To achieve this improvement in fabrication time (i.e., to keep the fabrication times of the microlenses as short as possible), we have implemented different writing strategies in which only the outer shell of the microlens is polymerized. In addition, during the development process the structure is stable enough to enable finalization with a subsequent UV flash. Our access to the different strategies (e.g., scanning the shell with random circles or helical paths) also means we can reduce fabrication time by at least one order of magnitude, to shorter than seconds/minutes. Furthermore, we have implemented parallel fabrication (i.e., simultaneous fabrication of identical structures within the objective's field of view) to increase the throughput of our technique even further. This involves splitting the laser into an array of parallel beams, which speeds up fabrication by a factor corresponding to the number of beams.

In summary, we have developed a new high-precision 3D-printing platform (LithoProf3D) and associated printing processes to speed up the TPA additive fabrication approach for industrial purposes. We have implemented several exposure strategies and illumination modes that enable fast generation of structures even over large areas. In addition, our 3D technique fits perfectly with standard 2D processing (since our platform uses verified optics and microelectronics), and it can thus be combined easily with UV lithography, replication, and nanoimprint lithography (or classical 3D printing). Our equipment is also suitable for fast and automated material development by scientists. For example, the tool's unique parameter-search feature can be used for quick testing of the 3D capability of novel materials. Furthermore, our TPP 3D patterning and subtractive structuring capabilities can facilitate many novel industrial applications and products. Our ongoing work includes automated vision and structuring on-the-fly routines.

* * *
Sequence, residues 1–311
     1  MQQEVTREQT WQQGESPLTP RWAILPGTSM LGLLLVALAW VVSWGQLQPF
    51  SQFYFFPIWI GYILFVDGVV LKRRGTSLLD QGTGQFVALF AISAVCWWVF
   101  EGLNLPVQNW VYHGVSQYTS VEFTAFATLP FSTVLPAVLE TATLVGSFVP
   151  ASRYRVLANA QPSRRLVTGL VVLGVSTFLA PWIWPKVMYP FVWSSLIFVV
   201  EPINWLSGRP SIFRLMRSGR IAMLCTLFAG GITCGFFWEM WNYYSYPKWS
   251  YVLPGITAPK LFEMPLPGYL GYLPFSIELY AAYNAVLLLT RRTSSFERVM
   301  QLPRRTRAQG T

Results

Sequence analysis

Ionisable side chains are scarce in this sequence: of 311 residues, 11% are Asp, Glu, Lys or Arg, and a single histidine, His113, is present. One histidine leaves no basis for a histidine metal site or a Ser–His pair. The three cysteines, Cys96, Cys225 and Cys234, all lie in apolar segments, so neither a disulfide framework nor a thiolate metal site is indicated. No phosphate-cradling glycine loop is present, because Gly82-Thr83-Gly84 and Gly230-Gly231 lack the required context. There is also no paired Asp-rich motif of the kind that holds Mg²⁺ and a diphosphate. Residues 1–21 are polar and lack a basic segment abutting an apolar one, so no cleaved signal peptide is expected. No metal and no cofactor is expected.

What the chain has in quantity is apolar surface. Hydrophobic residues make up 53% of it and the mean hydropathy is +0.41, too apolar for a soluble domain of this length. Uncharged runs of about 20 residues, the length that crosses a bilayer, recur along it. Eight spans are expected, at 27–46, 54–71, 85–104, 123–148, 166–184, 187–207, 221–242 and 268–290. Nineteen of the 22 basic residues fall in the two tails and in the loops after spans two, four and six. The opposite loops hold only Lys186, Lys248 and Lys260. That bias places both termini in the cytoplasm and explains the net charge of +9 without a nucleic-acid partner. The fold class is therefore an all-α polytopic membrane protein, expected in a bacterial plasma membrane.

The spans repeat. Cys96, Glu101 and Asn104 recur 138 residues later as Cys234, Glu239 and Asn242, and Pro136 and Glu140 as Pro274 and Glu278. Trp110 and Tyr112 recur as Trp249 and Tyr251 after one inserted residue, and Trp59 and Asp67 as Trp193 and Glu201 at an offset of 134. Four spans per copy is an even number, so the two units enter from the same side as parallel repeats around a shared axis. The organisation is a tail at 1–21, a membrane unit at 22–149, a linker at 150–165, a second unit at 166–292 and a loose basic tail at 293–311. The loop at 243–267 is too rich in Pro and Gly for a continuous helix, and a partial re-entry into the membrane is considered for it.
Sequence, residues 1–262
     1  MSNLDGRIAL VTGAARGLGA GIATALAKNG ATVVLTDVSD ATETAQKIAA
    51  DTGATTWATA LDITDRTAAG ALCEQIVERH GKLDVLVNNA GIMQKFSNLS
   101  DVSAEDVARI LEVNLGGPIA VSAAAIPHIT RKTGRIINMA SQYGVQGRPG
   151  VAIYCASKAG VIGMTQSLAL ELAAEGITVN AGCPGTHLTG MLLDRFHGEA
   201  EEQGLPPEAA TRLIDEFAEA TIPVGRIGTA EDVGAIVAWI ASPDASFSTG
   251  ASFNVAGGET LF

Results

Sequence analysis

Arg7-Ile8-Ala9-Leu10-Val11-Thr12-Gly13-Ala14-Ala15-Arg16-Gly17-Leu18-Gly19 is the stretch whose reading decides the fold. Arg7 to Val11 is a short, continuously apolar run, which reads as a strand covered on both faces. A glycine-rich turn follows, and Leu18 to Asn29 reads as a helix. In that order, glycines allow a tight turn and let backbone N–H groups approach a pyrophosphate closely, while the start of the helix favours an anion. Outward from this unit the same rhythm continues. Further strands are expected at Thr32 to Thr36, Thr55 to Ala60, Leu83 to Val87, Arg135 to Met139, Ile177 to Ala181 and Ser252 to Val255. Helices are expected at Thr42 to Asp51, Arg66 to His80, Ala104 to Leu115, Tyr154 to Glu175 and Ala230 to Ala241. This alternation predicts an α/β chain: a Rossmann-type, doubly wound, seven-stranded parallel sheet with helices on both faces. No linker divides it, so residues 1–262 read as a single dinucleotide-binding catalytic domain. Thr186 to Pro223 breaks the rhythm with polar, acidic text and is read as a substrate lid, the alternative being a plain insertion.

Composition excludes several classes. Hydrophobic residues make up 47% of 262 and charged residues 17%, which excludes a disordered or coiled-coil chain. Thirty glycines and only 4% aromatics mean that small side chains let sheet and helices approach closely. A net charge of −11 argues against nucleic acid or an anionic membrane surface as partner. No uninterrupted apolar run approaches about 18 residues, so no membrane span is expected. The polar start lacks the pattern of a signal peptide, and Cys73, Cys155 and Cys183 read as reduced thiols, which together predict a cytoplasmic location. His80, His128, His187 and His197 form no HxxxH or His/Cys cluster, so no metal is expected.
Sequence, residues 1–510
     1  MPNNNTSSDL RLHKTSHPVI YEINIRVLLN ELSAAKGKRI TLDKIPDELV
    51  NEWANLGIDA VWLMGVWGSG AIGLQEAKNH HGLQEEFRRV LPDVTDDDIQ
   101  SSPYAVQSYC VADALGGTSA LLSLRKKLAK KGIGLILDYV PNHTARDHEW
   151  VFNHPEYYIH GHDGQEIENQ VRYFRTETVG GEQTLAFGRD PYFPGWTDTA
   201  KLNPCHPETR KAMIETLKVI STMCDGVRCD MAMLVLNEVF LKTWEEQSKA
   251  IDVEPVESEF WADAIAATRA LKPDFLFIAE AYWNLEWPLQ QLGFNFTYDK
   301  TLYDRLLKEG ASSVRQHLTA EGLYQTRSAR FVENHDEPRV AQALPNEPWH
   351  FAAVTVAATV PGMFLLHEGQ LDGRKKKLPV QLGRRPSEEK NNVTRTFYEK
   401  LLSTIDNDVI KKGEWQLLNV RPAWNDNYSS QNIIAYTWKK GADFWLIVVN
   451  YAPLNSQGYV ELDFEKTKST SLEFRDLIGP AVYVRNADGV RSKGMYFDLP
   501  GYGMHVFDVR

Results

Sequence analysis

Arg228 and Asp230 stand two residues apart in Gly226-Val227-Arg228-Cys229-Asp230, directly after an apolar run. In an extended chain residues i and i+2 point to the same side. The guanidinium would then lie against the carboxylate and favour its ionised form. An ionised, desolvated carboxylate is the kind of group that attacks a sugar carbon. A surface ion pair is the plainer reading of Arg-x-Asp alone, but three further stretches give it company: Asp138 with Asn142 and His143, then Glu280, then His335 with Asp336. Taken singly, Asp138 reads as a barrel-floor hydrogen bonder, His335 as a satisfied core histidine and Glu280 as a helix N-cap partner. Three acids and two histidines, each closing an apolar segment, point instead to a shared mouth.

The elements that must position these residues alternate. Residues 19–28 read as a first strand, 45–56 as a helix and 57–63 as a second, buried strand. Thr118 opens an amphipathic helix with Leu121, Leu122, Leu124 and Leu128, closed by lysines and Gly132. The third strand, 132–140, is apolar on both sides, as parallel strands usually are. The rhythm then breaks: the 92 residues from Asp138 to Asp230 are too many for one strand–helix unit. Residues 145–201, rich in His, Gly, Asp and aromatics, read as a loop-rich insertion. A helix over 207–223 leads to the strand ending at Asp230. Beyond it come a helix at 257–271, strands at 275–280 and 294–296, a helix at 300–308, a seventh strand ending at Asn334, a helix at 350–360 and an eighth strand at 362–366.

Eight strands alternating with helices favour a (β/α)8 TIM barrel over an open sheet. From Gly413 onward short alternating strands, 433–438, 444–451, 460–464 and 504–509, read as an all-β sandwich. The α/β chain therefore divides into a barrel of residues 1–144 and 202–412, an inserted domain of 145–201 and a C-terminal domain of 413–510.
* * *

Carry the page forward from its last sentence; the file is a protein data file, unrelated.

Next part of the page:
Ruth Houbertz, Benedikt Stender
Multiphoton Optics GmbH
Würzburg, Germany

Ruth Houbertz is a physicist, the co-founder and chief executive officer of Multiphoton Optics, and has been the managing director since 2014. Between 2000 and 2012 she worked at the Fraunhofer Institute for Silicate Research (Germany) within various technical and management positions, and she previously worked at Sandia National Laboratories (Livermore, CA). She holds more than 90 patents and was a finalist for the 2015 Prism Award and the 2013 Green Photonics Award

Benedikt Stender has been the chief technical officer at Multiphoton Optics since 2016, and was previously an application engineer. He conducted his PhD research at the University of Würzburg, Germany, on single-photon sources and organic LEDs. He obtained his diploma in 2011, with work on ink-jet printed microlenses (as part of Ruth Houbertz's team). From 2008 to 2009 he was an intern at the University of British Columbia, Canada.